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The Comedians' Comedians

Laurel and Hardy

Today, in 1975, occasional letters addressed to Stan Laurel and Oliver Hardy arrive at the Los Angeles post office, though the comedians have been dead ten and seventeen years respectively.

Television personalities like Dick Van Dyke, Johnny Carson, and Dick Cavett pause in mid-program to extol Stan Laurel, the smaller partner with the uncertain manner and wistful eyes. Funnyman Woody Allen joins with others in praising Oliver Hardy, the big, baby faced one.

Meanwhile, the rest of us wish more Laurel and Hardy comedies were visible on TV, especially those early silent two-and-three reelers that best exemplify the comic skills of the merry pair.

It's a top tribute to the abilities of these two comedians that they seem to grow funnier as years go by. Critics say that Charlie Chaplin seems overly sentimental to modern eyes, with Buster Keaton a hilarious robot, and Harold Lloyd a master stuntman. But the characters played by Stan and Ollie seem to show increasing heart, or universality. Why, they could easily be those two guys you just passed in the street!

The comedians were well aware of this normality. "Those two fellows we played," Oliver Hardy told an interviewer, "they were nice, very nice people. They never got anywhere because they were so very dumb, only they didn't know they were dumb."

A look at old Laurel-Hardy comedies only highlights the appeal. For all their knockabout nonsense, the two always managed to maintain a kind of forlorn dignity, particularly toward one another. Unique among comedians in using own names onscreen, they addressed each other as "Mr. Laurel" and "Mr. Hardy."

Also, there's the fact that so much of their laughter came from wholesale destruction. One of their two-reelers (Two Tars) involved the smashing of more automobiles than an audience could count; in others, they reduced single cars to bits. In Battle of the Century, they hurled enough custard pies to stock six bakeries. In a world growing increasingly difficult, the berserk antics of these two innocents resembled the protest of the average guy, who is getting a snow job from civilization.

"We always tried to be real," Stan Laurel said once. "Even with our shortest pictures, we tried to be real." A writer puts it differently — "they brought the breath and touch of humanity into wild and whirling deeds." So doing, little Stan seemed the more sympathetic of the two, the picked-on fellow easier to identify with. "There was a kind of affectionate edge to him," Dick Cavett says.

Perhaps the real strength of the Laurel-Hardy appeal lies in the way they represent brotherhood in an unfeeling world. Two dissimilar types nonetheless appear welded together by compassionate understanding. Stan Laurel was the gentle guy with scarecrow hair and simple eyes, Ollie the big blusterer without real bluster, baby face atop mountainous body. The big fellow often grew exasperated with the little one, but through thick (Ollie) and thin (Stan) the two stuck together. Their most visible sign of kinship was that on proper occasions both wore derby hats.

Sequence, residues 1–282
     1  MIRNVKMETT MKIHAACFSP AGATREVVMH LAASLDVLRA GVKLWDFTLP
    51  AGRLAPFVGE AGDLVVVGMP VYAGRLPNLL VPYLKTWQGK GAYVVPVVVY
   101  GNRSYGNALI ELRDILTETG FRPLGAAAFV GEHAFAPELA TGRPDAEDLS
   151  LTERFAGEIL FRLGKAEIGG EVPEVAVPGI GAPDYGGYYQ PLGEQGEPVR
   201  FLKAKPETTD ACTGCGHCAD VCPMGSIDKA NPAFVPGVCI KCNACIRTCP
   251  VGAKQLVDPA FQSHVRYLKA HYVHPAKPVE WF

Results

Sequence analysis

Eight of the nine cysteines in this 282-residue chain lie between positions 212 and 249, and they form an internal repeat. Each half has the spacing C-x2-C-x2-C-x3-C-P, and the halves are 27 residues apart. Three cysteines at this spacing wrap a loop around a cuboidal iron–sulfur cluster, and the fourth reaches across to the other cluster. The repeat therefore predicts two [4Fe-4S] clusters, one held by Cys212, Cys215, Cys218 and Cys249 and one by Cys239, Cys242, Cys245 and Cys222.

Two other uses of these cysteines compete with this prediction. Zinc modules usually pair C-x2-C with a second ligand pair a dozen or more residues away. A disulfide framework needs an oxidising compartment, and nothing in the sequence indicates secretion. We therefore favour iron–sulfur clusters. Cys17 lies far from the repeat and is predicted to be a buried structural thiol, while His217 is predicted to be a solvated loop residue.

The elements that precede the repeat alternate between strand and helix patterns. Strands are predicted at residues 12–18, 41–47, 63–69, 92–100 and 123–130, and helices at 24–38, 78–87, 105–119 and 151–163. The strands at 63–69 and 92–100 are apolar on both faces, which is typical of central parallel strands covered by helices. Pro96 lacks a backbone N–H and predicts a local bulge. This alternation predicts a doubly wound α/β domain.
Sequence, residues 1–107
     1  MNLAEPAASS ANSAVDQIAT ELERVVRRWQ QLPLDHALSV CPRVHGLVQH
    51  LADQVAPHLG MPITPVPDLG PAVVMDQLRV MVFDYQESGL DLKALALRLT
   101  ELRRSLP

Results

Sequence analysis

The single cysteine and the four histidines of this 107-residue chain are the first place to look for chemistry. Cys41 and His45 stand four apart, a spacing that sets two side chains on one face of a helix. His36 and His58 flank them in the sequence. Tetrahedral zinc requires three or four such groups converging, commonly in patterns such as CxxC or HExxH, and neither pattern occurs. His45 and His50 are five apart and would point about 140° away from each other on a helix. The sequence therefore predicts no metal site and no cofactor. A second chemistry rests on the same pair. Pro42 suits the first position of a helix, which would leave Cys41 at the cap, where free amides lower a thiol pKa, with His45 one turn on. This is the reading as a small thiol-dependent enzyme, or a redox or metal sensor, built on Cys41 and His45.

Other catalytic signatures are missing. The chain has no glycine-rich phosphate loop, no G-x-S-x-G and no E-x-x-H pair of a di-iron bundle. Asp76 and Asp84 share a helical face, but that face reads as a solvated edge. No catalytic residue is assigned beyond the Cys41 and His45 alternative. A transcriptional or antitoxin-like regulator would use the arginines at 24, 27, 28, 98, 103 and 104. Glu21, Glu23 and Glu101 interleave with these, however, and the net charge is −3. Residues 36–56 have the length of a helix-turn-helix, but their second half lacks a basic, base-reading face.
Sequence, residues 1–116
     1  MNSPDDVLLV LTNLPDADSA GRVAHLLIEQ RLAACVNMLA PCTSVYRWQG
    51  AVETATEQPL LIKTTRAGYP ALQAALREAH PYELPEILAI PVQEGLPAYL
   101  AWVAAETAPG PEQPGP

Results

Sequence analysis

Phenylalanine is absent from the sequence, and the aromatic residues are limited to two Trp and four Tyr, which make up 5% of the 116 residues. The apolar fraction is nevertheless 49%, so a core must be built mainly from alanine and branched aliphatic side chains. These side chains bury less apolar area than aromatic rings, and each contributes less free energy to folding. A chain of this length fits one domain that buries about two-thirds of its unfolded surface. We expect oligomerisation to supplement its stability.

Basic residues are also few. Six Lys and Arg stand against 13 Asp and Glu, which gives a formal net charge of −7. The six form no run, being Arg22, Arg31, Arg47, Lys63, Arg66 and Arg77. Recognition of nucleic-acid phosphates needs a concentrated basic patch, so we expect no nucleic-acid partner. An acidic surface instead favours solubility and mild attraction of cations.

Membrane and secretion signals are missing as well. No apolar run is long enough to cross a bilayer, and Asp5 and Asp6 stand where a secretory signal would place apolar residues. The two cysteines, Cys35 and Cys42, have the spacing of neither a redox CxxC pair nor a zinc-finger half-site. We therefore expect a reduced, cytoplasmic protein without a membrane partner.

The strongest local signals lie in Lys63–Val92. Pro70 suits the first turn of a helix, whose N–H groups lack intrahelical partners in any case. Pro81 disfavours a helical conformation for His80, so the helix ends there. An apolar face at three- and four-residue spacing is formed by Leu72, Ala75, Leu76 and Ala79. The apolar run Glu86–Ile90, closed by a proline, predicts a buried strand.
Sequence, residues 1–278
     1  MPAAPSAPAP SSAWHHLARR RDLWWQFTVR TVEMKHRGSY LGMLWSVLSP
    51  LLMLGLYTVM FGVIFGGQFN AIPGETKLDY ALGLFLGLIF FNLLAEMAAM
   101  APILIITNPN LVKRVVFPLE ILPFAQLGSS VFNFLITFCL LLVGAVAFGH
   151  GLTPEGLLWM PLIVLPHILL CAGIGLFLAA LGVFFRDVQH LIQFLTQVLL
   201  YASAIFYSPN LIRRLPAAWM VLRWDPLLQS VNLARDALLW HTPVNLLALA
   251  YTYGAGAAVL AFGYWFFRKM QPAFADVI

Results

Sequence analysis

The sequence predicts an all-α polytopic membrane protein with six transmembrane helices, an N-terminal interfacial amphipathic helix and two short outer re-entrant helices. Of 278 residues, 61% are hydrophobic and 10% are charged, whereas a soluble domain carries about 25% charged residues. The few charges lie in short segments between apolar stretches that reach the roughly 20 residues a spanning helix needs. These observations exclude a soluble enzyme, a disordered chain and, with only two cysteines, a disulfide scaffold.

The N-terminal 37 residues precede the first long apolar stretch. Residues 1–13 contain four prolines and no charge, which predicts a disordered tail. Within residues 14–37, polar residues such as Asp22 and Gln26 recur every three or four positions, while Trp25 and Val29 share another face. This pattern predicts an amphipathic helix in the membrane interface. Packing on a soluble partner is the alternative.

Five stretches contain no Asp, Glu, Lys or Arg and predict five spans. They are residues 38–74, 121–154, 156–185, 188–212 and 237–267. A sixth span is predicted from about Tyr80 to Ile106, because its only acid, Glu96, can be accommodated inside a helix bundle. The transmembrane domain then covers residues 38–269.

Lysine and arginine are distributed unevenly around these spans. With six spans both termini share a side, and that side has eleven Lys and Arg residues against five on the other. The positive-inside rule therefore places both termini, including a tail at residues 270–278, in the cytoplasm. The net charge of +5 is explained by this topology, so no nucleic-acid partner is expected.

A glance behind the scenes of contemporary Hollywood shows them behaving much the same way in real life. First, they were men who genuinely liked one another, engaged in work they loved. Pauline Kael writes, "They loved what they were doing so much that they left the arithmetic to others" — which is why they never wound up millionaires. Their mutual feelings existed even though Stan contrived and perfected the gags for the team, with Ollie content merely to carry them out.

In his book Cavett, Dick Cavett offers evidence that in personal life Stan was fonder of Ollie than Ollie of Stan, with Stan giving a Christmas present when his partner had not thought of one. Yet in his fashion Ollie — or Babe, as friends called him — was devoted to Stan. They even took vacations together, once to far-off China.

Nor was Ollie ever guilt-ridden or envious because Stan did the brain work for the pictures. Instead, he seemed relieved and spent as much time as possible on the golf course. To Jack McCabe, author of the book Mr. Laurel and Mr. Hardy, he said, "Not that I didn't appreciate a good gag, mind you. I liked to get a good reaction just the way any comedian does, but I never worked in the creation department. After all, just doing the gags was hard enough work, especially if you have taken as many falls and been dumped in as many mudholes as I have. I think I earned my money."

The two men were as diverse in background as in appearance. Stan, of course, was born in Lancashire, England, in 1895, christened Arthur Stanley Jefferson. Years later, as Stan Jefferson of American vaudeville, he realized his name contained thirteen letters. Quick as a sight-gag he changed to Laurel, but never could explain the choice of that particular moniker.